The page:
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Using Radeon 3870HD I've run into strange behavior with AMD's drivers (updated yesterday to newest version available).

First of all I'd like to note that whole code ran without problem on NVIDIA GeForce 540M and that glGetUniformLocation isn't failing all the time.

So my problem is that I get from glGetUniformLocation strange values with one of my shader programs used in app, while the other shader program doesn't have such flaw. I switch that shaders between frames so I'm sure it isn't temporary and is related to that shader. By strange values I mean something like 17-26, while I have only 9 uniforms present. I'm using my interface for shaders that afterwards queries for type of GLSL variable with just obtained variable and as side effect I also query its name. For all those 17-26 locations I got returned the name wasn't set and same for type. Now I've got idea to debug into interface which is separate library and change those values to something I'd expect: 0-8. Using debugger I changed these and indeed they returned proper variable name in that shader and also type was correct.

My question is how possibly could the code that is working always with NVIDIA and also with that other shader on Radeon behave differently for another shader, that is treated the same way, fail?

I include related part of interface for this:

//this fails to return correct value
m_location = glGetUniformLocation(m_program.getGlID(), m_name.c_str());

printGLError();
if(m_location == -1){
    std::cerr << "ERROR: Uniform " << m_name <<  " doesn't exist in program" << std::endl;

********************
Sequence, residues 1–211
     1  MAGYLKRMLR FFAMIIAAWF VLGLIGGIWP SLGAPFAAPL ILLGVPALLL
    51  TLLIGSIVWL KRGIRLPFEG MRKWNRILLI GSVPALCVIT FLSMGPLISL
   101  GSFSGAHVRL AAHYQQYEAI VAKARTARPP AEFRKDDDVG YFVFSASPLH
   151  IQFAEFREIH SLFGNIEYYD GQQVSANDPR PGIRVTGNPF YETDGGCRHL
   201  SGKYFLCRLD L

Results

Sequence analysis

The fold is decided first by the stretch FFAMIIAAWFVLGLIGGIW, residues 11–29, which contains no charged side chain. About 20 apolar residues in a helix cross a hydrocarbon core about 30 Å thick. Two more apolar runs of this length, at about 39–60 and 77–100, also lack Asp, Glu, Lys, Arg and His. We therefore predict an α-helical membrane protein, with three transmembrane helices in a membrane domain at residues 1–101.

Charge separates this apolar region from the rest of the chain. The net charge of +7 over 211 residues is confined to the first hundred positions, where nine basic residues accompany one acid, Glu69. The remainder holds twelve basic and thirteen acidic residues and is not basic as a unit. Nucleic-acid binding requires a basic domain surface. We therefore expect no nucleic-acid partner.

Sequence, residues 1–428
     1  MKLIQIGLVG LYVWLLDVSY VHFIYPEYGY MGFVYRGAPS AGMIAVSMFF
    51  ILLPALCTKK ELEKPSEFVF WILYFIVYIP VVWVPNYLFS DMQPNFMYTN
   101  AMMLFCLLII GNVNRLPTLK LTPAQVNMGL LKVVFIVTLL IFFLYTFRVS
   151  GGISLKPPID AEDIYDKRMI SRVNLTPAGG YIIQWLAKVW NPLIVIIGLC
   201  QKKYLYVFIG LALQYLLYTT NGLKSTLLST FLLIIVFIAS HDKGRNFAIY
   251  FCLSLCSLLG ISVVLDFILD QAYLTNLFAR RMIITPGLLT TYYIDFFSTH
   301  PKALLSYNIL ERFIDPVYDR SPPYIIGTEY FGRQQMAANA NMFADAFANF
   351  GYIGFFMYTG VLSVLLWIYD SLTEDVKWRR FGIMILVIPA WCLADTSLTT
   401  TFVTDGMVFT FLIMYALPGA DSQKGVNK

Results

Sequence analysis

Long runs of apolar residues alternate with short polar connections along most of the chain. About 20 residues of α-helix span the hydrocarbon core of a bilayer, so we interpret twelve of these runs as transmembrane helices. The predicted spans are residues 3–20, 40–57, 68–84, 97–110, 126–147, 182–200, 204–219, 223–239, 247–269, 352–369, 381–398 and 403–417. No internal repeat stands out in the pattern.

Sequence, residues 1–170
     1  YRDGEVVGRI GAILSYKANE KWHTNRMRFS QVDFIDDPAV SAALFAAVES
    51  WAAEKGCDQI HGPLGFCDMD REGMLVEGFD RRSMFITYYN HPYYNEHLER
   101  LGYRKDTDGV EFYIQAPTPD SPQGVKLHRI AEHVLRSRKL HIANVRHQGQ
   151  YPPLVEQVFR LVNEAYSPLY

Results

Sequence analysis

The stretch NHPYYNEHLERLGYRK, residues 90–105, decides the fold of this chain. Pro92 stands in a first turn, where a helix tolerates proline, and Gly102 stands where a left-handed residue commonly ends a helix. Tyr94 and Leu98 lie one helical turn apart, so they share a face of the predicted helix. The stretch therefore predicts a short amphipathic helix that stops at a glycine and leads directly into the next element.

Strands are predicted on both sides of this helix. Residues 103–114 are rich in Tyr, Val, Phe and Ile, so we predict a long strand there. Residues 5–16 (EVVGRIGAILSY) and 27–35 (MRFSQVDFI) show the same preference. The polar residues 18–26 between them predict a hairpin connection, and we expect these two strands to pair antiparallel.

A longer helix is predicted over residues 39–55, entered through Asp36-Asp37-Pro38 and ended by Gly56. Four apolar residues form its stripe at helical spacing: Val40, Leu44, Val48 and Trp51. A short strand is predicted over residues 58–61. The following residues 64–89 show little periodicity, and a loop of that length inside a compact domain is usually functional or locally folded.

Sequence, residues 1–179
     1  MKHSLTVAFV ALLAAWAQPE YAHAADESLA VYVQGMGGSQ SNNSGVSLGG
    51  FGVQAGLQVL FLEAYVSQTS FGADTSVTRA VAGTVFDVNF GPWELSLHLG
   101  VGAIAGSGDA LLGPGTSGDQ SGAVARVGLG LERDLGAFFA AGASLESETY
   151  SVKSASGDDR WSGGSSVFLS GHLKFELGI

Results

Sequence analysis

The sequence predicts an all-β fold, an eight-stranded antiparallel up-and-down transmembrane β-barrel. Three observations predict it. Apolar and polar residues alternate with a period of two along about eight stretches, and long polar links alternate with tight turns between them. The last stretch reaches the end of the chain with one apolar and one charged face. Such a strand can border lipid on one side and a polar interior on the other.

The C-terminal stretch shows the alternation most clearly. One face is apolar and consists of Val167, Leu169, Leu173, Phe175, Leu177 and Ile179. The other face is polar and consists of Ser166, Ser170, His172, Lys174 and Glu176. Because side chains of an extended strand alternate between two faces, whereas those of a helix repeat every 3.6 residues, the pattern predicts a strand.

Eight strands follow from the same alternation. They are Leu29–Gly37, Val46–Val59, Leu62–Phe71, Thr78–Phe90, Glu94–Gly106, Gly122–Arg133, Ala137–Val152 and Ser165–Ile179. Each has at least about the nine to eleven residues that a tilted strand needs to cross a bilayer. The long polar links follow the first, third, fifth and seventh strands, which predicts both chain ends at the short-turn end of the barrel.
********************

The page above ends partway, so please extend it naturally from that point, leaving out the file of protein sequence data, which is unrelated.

return FAILURE;
}

GLsizei charSize = m_name.size()+1, size = 0, length = 0;
GLenum type = 0;
GLchar* name = new GLchar[charSize];
name[charSize-1] = '\0';
glGetActiveUniform(m_program.getGlID(), m_location, charSize, &length, &size, &type, name); 

delete name; name = 0;

if(!TypeResolver::resolve(type, m_type))
    return FAILURE;

m_prepared = true;
m_applied = false;
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1 Answer 1

up vote 2 down vote accepted

The index you pass to glGetActiveUniform is not supposed to be a uniform location. Uniform locations are only used with glUniform calls; nothing else.

The index you pass to glGetActiveUniform is just a index between 0 and the value returned by glGetProgram(GL_ACTIVE_UNIFORMS). It is used to ask what uniforms exist and to inspect the properties of those uniforms.

Your code works on NVIDIA only because you got lucky. The OpenGL specification doesn't guarantee that the order of uniform locations is the same as the order of active uniform indices. AMD's drivers don't work that way, so your code doesn't work.

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